FIGS. 6, 11 and 12 illustrate the operation of the system 20 to dispense the liquid L from the bag 40. When the bag is initially installed at the dispensing location, and the connector 80 is secured to the bag 40, the filled bag 40 assumes the position as illustrated in FIG. 6. The application of a vacuum force to the conduit 90 withdraws the liquid L from the bag 40 through the conduit, as indicated by the arrows in FIGS. 11 and 12. As this withdrawal proceeds, the application of the vacuum force and the weight of the connector 80 and the port member 50 cooperate to maintain the vacuum source, applied through the conduit 90, in direct fluid communication with the liquid L. This is accomplished by the floating of the weighted connector 80 and the port member 50 on the liquid in the bag 40 as the liquid is evacuated. The use of the lightweight flexible conduit 90 allows the conduit and the connector 80 to be drawn into the container 60, and follow the bag 40 as it collapses.
As shown in FIGS. 11 and 12, the flexible side walls of the bag 40 flex and bend, and follow the contour of the interior of the container 60, during this discharging operation. The pressure of the liquid L aids in forcing the collapsing bag to follow the side walls of the container 60. This action prevents the collapsing bag 40 from interfering with the evacuation of the liquid through the port member 50. This collapsing of the bag 40 continues within the container 60 until the the entire volume of liquid L is discharged from the bag 40, as illustrated in FIG. 12. Throughout this operation, this arrangement permits the connector 80, the port member 50, and the coupled conduit 90 to float on and stay in fluid communication with the liquid. The withdrawing vacuum force is not broken, and the flow of liquid from the bag 40 is not interrupted. As shown in FIG. 12, the passages 89 on the lower portion 82 of the connector 80 keep the fluid passages open into the conduit 90, even when the bag 40 is totally collapsed. Substantially total discharge of the liquid L from the bag 40 thus occurs during the dispensing operation.
FIGS. 14 through 18a illustrate the details of the preferred form of relay pump 100 for use with the dispensing system 20. The purpose of the relay pump 100, as set forth above, is to withdraw the liquid L from the bag 40 with a vacuum force, and then to apply a pumping force to the liquid, to deliver the liquid to a dispensing valve or the like.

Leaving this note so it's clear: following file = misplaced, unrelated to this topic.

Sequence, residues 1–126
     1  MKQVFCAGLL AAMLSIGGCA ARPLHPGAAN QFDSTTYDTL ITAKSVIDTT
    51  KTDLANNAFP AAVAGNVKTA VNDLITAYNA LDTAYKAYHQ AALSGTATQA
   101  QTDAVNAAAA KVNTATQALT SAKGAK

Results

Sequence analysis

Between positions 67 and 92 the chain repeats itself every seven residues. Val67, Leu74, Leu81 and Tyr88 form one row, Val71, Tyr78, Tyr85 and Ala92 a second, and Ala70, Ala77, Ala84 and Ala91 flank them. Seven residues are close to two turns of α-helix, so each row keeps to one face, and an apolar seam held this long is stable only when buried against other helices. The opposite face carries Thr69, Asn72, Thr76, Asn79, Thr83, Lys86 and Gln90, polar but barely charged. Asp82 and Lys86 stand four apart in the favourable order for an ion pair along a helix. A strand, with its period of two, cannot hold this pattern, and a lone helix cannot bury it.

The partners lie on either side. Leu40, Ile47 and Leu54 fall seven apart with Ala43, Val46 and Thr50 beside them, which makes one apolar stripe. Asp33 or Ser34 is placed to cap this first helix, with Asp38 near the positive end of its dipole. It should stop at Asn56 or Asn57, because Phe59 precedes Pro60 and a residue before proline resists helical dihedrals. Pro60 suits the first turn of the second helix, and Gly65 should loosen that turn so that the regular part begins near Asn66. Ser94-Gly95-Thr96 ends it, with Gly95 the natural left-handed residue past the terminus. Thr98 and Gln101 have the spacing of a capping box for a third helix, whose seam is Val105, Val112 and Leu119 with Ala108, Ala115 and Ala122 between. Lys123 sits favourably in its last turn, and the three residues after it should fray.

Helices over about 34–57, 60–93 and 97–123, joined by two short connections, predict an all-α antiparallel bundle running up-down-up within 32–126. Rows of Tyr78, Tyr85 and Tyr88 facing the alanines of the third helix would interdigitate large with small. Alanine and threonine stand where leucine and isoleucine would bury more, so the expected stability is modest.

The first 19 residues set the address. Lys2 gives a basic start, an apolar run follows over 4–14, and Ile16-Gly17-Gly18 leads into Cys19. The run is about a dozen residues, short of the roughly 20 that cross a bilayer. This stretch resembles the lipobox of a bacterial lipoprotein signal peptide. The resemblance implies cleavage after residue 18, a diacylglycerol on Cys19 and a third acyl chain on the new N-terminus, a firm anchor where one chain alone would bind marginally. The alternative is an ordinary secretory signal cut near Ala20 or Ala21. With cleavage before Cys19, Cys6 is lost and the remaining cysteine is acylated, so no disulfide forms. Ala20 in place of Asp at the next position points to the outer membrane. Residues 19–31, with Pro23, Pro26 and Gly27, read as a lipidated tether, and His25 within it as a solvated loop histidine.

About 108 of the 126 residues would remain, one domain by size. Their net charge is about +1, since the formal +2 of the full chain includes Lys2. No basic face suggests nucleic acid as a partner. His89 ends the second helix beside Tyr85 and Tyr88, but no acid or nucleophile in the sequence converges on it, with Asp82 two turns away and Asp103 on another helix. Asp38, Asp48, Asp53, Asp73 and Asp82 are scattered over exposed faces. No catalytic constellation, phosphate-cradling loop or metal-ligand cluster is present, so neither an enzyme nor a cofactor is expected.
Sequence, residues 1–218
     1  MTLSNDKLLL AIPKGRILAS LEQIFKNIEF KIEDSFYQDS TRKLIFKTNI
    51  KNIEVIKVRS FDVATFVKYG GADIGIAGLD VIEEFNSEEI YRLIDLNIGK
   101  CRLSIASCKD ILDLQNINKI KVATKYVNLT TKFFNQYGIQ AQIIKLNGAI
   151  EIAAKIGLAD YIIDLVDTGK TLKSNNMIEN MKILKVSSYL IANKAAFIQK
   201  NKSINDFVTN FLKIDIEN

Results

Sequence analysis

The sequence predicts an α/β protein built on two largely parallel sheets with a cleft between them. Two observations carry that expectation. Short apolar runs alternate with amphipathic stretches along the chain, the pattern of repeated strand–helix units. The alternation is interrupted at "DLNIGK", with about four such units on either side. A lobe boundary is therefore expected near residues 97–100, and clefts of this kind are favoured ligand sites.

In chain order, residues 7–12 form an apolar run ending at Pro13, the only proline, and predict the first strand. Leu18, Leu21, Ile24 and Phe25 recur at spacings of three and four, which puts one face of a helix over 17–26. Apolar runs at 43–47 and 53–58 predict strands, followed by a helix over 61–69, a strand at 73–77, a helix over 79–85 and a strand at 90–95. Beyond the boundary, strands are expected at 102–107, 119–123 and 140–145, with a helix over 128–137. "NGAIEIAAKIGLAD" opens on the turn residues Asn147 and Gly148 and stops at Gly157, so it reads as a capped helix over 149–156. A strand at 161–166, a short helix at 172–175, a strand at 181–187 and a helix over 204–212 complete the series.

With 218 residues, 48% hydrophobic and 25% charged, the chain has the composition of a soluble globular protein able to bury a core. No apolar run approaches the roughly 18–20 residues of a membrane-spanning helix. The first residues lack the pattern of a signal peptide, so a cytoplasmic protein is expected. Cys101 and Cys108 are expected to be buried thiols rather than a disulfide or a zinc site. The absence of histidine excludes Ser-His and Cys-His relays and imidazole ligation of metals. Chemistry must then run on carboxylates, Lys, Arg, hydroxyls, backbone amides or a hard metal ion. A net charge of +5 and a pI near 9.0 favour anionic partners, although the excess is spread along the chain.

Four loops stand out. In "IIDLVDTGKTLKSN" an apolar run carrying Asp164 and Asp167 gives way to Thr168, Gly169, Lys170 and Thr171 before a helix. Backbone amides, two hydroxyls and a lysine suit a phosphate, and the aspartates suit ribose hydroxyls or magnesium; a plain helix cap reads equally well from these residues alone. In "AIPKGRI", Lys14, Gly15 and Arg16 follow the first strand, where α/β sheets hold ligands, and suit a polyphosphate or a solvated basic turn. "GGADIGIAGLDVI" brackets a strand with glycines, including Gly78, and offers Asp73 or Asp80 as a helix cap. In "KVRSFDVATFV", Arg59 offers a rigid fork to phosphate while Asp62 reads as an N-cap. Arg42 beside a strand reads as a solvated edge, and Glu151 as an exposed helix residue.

Referring to FIG. 14, the illustrated pump 100 includes a central block 102 and cylinder heads 104A and 104B. Suitable screw fasteners 103 join the heads 104A and B to the adjacent end of the central block 102 in a fluid-tight arrangement. Cylindrical recesses 105A and B in the ends of the central block 102 are in alignment with similar cylindrical recesses 106A and B in the heads 104A and B. The recesses 105A and B and 106A and B thereby define piston chambers for receiving a reciprocating piston having two opposed piston heads 108A and B joined by a connecting rod 109.
As seen in FIGS. 14 and 18, the diameters of the recesses 106A and B are selectively larger than the diameters of the recesses 105A and B. A flexible sleeve seal 110, made from a suitable elastomeric material, thus can be joined to the piston heads 108A and B and be received within the larger recesses 106A and B. The seals 110 also extend between the central block 102 and the cylinder heads 104A and B. The seals 110 thereby divide the chambers defined by the recesses 105A and B and 106A and B into two separate, fluid-tight chambers. As described further below, the chambers 105A and B on the inside of each seal 110 comprise drive chambers for receiving the drive fluid. The chambers 106A and B on the outside of each seal 110 comprise pumping chambers for receiving and pumping the liquid being dispensed.
FIGS. 15 through 17 illustrate the valving system for directing the liquid to be dispensed through the pumping chambers 106A and B. As seen in FIG. 15, a suitable fitting joins the flexible liquid conduit 90 (FIG. 13) to an intake port 112B in the cylinder head 104B. An O-ring seal 114 assures that this connection is fluid-tight. A check valve 116B in the port 112B prevents any back-flow of the liquid into the conduit 90. A bore 118 (FIGS. 15 and 17) joins the port 112B into fluid communication with the pumping chamber 106B through the check valve 116.